Cinemas Become Key Ingredient of Experiential Retail

Ian Ritter
Ian Ritter
Freelance Writer, VTS

Earlier this month, a small movie theater announced it’s opening in the Portland International Airport to show films made by local artists.

This isn’t the first time a cinema has planted roots in an airport. The first U.S. airport cinema opened in the Minneapolis-St. Paul International Airport in 2014. Airports in Asia — including Singapore and New Delhi, where flight connections can take several hours — have some pretty serious theaters.

The inclusion of cinemas in airports is another step in the shift towards the experiential retail movement. Retail real estate landlords across the country have been incorporating experiential businesses — cinemas, restaurants, and bowling alleys — for years, in part, because they provide consumers with experiences that are reportedly immune to e-commerce transactions.

The changing theater

It wasn’t that long ago when movie theaters were in trouble due to the transition from film to digital projection. And while older theaters are still closing in smaller towns, many cinemas are learning to adapt and step up their game to get people into seats. For example, some theaters offer a “brew and view” experience, where you can drink a cold beer during the newest blockbusters. Other interactive theaters encourage audience participation before the movie.

Several chains — even the mega chains — are adapting to the theater-plus model, too. One of them is the Texas-based Movie Studio Grill, which has a full-service restaurant and bar and is expanding right now in Southern California. It has about 25 locations across the country. AMC Theatres even now offers bars at several of its locations under the Macguffins Bar & Lounge nameplate. Many of its locations also offer in-cinema dining.

For movie theaters, the trend is paying off. During its latest quarter AMC’s food and beverage sales hit a record $216.8 million, increasing 6.8 percent from the same year-ago period. Revenues and earnings across the board were also up.

Better for landlords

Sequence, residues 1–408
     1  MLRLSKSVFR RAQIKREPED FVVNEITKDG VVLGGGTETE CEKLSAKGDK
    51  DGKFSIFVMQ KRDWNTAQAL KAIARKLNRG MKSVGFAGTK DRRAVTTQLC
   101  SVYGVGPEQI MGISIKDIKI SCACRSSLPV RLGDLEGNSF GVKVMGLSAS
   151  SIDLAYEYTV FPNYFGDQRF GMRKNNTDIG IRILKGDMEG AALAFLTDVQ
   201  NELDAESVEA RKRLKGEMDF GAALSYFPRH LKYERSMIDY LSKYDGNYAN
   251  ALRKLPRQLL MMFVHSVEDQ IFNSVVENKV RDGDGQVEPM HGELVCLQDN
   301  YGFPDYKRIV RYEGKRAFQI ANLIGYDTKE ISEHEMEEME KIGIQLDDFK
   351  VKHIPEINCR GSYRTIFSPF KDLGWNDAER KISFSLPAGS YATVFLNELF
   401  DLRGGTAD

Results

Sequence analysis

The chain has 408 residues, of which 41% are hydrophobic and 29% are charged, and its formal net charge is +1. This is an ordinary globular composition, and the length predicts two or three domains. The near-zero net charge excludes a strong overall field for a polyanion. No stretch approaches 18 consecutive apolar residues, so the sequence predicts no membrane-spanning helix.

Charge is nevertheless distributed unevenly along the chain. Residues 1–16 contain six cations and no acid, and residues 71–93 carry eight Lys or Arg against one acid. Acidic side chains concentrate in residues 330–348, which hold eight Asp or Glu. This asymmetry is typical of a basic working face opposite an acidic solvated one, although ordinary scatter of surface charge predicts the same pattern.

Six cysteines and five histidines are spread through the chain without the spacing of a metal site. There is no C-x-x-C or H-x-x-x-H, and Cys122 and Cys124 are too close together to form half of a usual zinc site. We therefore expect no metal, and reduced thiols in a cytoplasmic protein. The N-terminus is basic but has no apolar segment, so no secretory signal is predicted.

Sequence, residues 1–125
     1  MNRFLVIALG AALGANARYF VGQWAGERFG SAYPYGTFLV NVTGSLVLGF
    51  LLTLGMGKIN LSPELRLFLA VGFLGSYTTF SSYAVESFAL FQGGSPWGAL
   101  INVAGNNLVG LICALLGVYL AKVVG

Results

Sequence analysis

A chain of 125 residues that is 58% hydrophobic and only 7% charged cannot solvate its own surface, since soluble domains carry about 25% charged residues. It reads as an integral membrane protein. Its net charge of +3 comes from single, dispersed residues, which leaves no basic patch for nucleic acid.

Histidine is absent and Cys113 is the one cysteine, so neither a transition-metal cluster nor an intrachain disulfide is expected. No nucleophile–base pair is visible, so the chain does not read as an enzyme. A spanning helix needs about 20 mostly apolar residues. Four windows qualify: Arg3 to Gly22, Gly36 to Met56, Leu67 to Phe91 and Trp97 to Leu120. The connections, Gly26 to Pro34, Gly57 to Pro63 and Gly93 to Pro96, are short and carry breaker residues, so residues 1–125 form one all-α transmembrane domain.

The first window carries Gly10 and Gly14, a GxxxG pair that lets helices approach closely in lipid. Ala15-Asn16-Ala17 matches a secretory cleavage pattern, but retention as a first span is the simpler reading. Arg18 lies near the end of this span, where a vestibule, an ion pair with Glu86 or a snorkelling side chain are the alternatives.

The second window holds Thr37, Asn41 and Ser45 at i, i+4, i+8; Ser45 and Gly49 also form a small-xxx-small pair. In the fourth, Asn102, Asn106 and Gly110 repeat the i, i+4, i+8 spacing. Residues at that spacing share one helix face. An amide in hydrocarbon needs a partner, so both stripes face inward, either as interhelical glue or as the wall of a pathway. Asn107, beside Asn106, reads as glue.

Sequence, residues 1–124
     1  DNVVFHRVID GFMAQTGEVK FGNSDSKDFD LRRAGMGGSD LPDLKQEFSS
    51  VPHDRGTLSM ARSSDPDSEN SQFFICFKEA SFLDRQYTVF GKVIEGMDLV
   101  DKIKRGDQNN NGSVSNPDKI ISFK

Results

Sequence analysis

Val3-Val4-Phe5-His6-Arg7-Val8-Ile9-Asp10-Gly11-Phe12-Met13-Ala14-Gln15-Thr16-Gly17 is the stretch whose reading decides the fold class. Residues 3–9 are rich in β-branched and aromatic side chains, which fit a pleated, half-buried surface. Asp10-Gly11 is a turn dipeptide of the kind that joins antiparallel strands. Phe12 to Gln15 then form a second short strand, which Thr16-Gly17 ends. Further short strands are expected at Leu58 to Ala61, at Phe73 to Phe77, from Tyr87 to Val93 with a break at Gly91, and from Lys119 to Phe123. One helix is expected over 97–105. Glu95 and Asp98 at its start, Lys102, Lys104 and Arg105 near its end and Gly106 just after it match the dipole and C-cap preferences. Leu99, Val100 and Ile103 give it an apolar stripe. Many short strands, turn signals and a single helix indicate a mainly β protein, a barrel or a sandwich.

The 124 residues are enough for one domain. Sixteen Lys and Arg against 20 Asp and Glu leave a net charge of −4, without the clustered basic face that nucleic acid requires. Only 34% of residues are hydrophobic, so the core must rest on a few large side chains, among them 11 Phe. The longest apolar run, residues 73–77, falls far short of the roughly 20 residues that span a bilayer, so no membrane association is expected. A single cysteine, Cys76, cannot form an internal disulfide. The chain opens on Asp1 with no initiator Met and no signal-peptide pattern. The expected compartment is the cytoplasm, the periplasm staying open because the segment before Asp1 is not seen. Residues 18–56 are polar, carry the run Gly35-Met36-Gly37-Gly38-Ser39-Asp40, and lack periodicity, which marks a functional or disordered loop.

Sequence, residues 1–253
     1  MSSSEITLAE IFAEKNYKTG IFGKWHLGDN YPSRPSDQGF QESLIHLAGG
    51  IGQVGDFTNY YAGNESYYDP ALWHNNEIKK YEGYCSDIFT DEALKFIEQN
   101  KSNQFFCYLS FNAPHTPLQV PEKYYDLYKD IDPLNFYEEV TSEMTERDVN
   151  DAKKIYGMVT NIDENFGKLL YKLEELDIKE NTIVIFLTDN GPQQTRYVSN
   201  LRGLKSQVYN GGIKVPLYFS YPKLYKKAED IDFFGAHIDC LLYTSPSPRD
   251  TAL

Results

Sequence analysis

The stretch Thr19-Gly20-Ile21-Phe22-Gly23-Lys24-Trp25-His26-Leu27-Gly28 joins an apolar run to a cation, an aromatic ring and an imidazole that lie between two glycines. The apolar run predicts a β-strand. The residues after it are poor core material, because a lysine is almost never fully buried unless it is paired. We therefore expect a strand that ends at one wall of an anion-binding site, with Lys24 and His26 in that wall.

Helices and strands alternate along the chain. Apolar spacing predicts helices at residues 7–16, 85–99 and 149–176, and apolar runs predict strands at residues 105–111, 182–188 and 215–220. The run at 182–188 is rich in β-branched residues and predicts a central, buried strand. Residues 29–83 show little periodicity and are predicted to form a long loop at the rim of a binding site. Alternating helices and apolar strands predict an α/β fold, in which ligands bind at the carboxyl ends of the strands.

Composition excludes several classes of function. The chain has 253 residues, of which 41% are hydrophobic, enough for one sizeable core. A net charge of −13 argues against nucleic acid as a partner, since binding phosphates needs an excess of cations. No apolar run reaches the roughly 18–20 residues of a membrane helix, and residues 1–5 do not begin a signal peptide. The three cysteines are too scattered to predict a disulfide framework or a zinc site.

The new types of movie theaters are a boon to retail landlords, too. Like their attraction to restaurants in shopping centers, many owners are big on these concepts because they draw a coveted night crowd when apparel chains have closed for the evening.

Cinemas are also helping fill some of the larger vacancies as some of the big box stores close many of their stores. For example, a luxury theater is replacing a JC Penney in a California mall. And some discount cinemas are also expanding around the country.

Experiential retail isn’t just about Apple Stores and other tech-oriented concepts. One of the oldest shopping center anchors, cinemas, have entered a new era and are making a major comeback in retail developments, as consumers look for entertainment options that get them out from behind their computers.

Ian Ritter
Freelance Writer | VTS
Ian Ritter
Ian Ritter is a veteran business journalist who has covered the retail and commercial real estate industries for more than a decade. He has held high-level editorial positions at GlobeSt.com and was formerly an editor at the International Council of Shopping Centers magazine SCT. He is a regular contributor to VTS' blog and is also online content manager for the engineering firm GRS Group's blog. Over his career, Ritter has written for several publications and holds a Master's degree in Journalism from Columbia University.
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